Weekend Breaks in Wales

Planning a weekend in Wales? Good choice.

Wales is the perfect destination for spectacular scenery, beautiful coastlines and some great towns and cities. Whether you’re looking for a weekend of adventure, or a city break, a weekend in Wales is great choice.

In terms of travel time, it’s only a few hours by or train from some of the UK’s biggest cities – so if you’re looking to escape the city, it might just be your closest wilderness.

Take me to the mountains

Llyn y Fan Fach, by Steffan Llewellyn

Llyn y Fan Fach, by Steffan Llewellyn

If you’re looking for a weekend at altitude you’re in the right place.

You’ve got two options – North versus South – the Brecon Beacons versus Snowdonia. Both have a lot to offer, from hill walks to challenging climbs, here’s the skinny:


Snowdonia is in North Wales – it’s home to Snowdon (Wales highest peak), has views to the sea and it’s a stone’s throw from the beautiful Island of Anglesey. Plus, Lonely Planet chose North Wales in one of its must visit destinations for 2017.

If you’re looking for more challenging climbs and hikes, Snowdon is probably the destination to explore first (but you should probably do both!).

If you just want to conquer Wales’ highest peak, there’s also a train to the top of Snowdon.

The Brecon Beacons

The Brecon Beacons national park is situated in South Wales – and features 519 square miles of stunning scenery. It may not reach the lofty heights of Snowdonia, but it’s landscapes are just as beautiful.

With the lovely market towns of Hay-on-Wye and Llandovery at either end of the National Park, and Brecon right at the heart, there’s plenty to do. Pen-y-Fan, the highest peak, has multiple routes to the top to suit all abilities of walker.

Our guide to days out in the Brecon Beacons has more and if you’re looking for great places to eat in the Brecon Beacons head here.

Take me to the seaside

The Green Bridge of Wales, by Samuel Ryan

The Green Bridge of Wales, by Samuel Ryan

Wales isn’t short of stunning coastline.

In fact, the Wales Coastal Path runs around most of it – almost 800 miles of beautiful walking routes and countless beautiful Welsh beaches. There are countless destinations to explore, but here are some of our favourites:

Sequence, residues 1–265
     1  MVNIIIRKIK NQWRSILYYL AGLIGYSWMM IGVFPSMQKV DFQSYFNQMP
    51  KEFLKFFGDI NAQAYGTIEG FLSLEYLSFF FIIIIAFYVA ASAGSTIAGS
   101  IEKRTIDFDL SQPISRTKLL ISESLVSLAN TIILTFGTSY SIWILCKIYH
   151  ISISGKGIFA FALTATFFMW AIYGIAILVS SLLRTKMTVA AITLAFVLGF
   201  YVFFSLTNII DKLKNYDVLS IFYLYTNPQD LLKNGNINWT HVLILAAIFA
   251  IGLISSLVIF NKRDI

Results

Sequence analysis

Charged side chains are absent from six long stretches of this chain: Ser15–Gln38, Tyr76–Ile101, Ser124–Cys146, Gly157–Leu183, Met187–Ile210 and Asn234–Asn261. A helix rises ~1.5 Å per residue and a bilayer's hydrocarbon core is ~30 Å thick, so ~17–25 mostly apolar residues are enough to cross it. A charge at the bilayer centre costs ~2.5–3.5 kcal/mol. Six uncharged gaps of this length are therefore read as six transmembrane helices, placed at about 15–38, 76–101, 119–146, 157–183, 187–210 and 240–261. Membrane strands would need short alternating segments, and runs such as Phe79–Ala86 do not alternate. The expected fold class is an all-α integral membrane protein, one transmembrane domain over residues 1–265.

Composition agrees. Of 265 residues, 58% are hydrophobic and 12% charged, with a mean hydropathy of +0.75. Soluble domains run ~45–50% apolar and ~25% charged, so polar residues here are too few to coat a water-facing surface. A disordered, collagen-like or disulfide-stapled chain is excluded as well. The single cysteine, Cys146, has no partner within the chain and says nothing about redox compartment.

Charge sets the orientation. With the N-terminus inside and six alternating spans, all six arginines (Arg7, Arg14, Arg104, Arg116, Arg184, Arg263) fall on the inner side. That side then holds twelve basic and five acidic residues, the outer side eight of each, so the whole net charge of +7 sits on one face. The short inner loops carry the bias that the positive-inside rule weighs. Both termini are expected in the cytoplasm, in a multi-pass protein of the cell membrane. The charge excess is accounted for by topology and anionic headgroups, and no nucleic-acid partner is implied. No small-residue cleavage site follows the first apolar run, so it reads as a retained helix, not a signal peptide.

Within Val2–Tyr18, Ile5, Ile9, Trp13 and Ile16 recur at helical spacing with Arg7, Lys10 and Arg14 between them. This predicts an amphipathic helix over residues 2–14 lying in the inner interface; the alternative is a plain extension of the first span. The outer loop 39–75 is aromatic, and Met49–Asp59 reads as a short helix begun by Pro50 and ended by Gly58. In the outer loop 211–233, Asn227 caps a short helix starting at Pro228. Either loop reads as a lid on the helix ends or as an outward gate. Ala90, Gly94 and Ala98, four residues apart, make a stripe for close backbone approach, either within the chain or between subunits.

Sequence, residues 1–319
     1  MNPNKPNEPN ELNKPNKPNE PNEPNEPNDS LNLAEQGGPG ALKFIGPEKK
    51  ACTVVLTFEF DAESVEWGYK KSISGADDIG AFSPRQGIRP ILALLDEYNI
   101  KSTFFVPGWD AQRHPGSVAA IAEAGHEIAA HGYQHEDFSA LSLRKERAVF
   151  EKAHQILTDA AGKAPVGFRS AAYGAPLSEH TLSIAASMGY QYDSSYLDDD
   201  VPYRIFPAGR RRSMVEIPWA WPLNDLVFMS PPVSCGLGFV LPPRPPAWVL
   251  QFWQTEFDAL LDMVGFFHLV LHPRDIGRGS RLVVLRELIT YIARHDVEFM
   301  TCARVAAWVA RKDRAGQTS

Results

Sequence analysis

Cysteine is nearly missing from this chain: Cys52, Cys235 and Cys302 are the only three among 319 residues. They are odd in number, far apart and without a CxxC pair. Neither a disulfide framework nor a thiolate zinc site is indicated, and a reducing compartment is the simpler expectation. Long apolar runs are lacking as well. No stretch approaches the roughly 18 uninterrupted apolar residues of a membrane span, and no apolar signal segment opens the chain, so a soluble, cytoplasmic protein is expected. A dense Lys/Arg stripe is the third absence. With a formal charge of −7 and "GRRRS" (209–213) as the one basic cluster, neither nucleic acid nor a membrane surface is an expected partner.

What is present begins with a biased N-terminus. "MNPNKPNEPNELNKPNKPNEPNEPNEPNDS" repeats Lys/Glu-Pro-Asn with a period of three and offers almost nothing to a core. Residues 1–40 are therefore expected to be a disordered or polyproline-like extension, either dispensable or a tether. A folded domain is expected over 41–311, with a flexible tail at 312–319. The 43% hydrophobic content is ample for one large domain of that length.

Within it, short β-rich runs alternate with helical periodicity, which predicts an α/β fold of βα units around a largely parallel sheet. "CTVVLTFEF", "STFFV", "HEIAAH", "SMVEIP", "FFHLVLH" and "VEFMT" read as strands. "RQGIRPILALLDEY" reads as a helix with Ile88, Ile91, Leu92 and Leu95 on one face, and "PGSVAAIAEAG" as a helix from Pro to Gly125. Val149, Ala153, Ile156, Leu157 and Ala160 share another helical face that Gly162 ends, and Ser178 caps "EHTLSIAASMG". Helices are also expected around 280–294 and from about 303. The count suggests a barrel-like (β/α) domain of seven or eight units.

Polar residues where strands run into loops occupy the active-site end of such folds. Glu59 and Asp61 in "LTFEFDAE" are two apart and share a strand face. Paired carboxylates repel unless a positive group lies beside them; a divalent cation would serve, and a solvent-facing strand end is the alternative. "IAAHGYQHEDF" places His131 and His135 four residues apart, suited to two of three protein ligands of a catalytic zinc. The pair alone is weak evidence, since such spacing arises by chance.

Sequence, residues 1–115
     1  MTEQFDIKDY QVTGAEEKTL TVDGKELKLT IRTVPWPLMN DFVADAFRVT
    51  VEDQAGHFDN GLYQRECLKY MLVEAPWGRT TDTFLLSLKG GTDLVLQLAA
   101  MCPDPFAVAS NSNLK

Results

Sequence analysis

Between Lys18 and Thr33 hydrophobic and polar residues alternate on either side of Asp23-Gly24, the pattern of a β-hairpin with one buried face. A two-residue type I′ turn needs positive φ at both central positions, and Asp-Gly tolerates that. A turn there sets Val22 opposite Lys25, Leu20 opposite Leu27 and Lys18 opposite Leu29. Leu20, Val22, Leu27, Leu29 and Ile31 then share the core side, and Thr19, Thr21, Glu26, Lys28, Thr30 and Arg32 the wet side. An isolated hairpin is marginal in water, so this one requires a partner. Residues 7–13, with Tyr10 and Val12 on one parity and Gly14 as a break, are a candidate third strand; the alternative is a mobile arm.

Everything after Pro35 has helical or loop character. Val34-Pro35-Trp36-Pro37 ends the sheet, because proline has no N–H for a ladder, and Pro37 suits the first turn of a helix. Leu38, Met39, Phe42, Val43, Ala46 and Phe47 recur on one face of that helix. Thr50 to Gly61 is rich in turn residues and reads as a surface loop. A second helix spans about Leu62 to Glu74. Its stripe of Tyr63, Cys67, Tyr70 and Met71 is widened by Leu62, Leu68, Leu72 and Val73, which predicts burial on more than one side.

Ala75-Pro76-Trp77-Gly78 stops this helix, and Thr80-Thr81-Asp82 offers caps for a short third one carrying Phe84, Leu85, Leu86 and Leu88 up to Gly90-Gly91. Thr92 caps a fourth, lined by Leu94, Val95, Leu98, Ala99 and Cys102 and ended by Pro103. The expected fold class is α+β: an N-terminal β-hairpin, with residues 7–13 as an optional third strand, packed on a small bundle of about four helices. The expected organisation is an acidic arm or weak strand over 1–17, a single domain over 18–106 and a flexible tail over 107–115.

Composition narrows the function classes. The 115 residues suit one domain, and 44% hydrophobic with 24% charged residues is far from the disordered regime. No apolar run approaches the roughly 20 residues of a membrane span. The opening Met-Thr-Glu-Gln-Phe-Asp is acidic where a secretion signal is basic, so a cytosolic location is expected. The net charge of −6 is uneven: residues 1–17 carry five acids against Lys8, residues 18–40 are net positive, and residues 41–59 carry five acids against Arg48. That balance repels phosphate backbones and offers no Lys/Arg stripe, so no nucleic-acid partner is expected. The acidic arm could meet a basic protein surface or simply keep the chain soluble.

The Gower Peninsula

Just down the road from Swansea, Wales’ second city, lies the Gower Peninsula. It was the UK’s first designated Area of Outstanding Natural Beauty – and it’s beaches have won international awards for their dramatic scene.

It has a lot to offer – from surfing to walking, coasteering to great pubs – it’s a great destination for all the family.


Pembrokeshire, in South West Wales, is the country’s third national park – and Britain’s only coastal national park. It’s 186 mile coastal path is a favourite and the towns of Tenby and St Davids are full of character – in fact, St Davids is the UK’s smallest city, with a population of just 1400.

If watersports are your bag, then you can’t go far wrong in Pembrokeshire – it’s the home of coasteering and has some truly world class beaches.


Anglesey is an island off the North West tip of Wales. Accessible by bridge, it’s a holiday in itself. Just like the above, it’s home to a great mix of walking, beaches and water-sports.

Take me to the town

Cardiff Bay, by Julian Nitzsche

Cardiff Bay, by Julian Nitzsche

Wales isn’t all countryside, and if you’re in need of some town comforts there’s plenty on offer.

We can’t list every town (or you’d be here all day), but here are a few favourites. And if none of these tick your boxes, check out Brecon, Cardigan, Aberystwyth, Hay-on-Wye, Portmeirion… you get the picture.


Wales’ capital is brilliant destination for a city break. It’s cosmopolitan city centre offers an abundance of great restaurants, bars and culture. For the culture vultures Cardiff Museum, Castle and the Millennium Centre have plenty on offer.

And if you want to mix city with country, the Brecon Beacons are just a 45 minute drive or bus ride away.


We already mentioned it, but Tenby has long been a popular holiday destination in Wales. With plenty of charming accommodation, proper old pubs and brilliant beaches it’s a great spot for a weekend away.


In the Western end of the Brecon Beacons lies Llandeilo. It’s a great little town with plenty of great shops – in fact it’s home to TOAST. There are also the stunning Carreg Cennen and Dinefwr Castles within ten minutes drive.

Plus, it’s within striking distance of both the West Wales coast, the Gower and the Brecon Beacons. What’s not to like?

Finding somewhere to stay in Wales

Wales has plenty on offer – if you’re looking for self-catering cottages, Google is usually a good place to start. For larger groups, GroupAccommodation.com has a lot of amazing properties.

Visit Wales’ accommodation search is also a great resource.

Or, if you fancy living like a local, Airbnb is increasing in popularity across Wales – and there are some amazing Airbnbs in Wales. Click here to get £35 off your first booking.

Travel in Wales

Much of Wales is (fairly) served by trains and buses. Trains run through South Wales direct from London Paddington – and North Wales is well connected via Manchester and Birmingham.

Having said that, much of Wales is best explored by car (or bike, if you’re feeling energetic). You’ll be able to get off the beaten trail – just make sure you pack the sat-nav.

Written by Ed Maughan

Date: 01st January 2017

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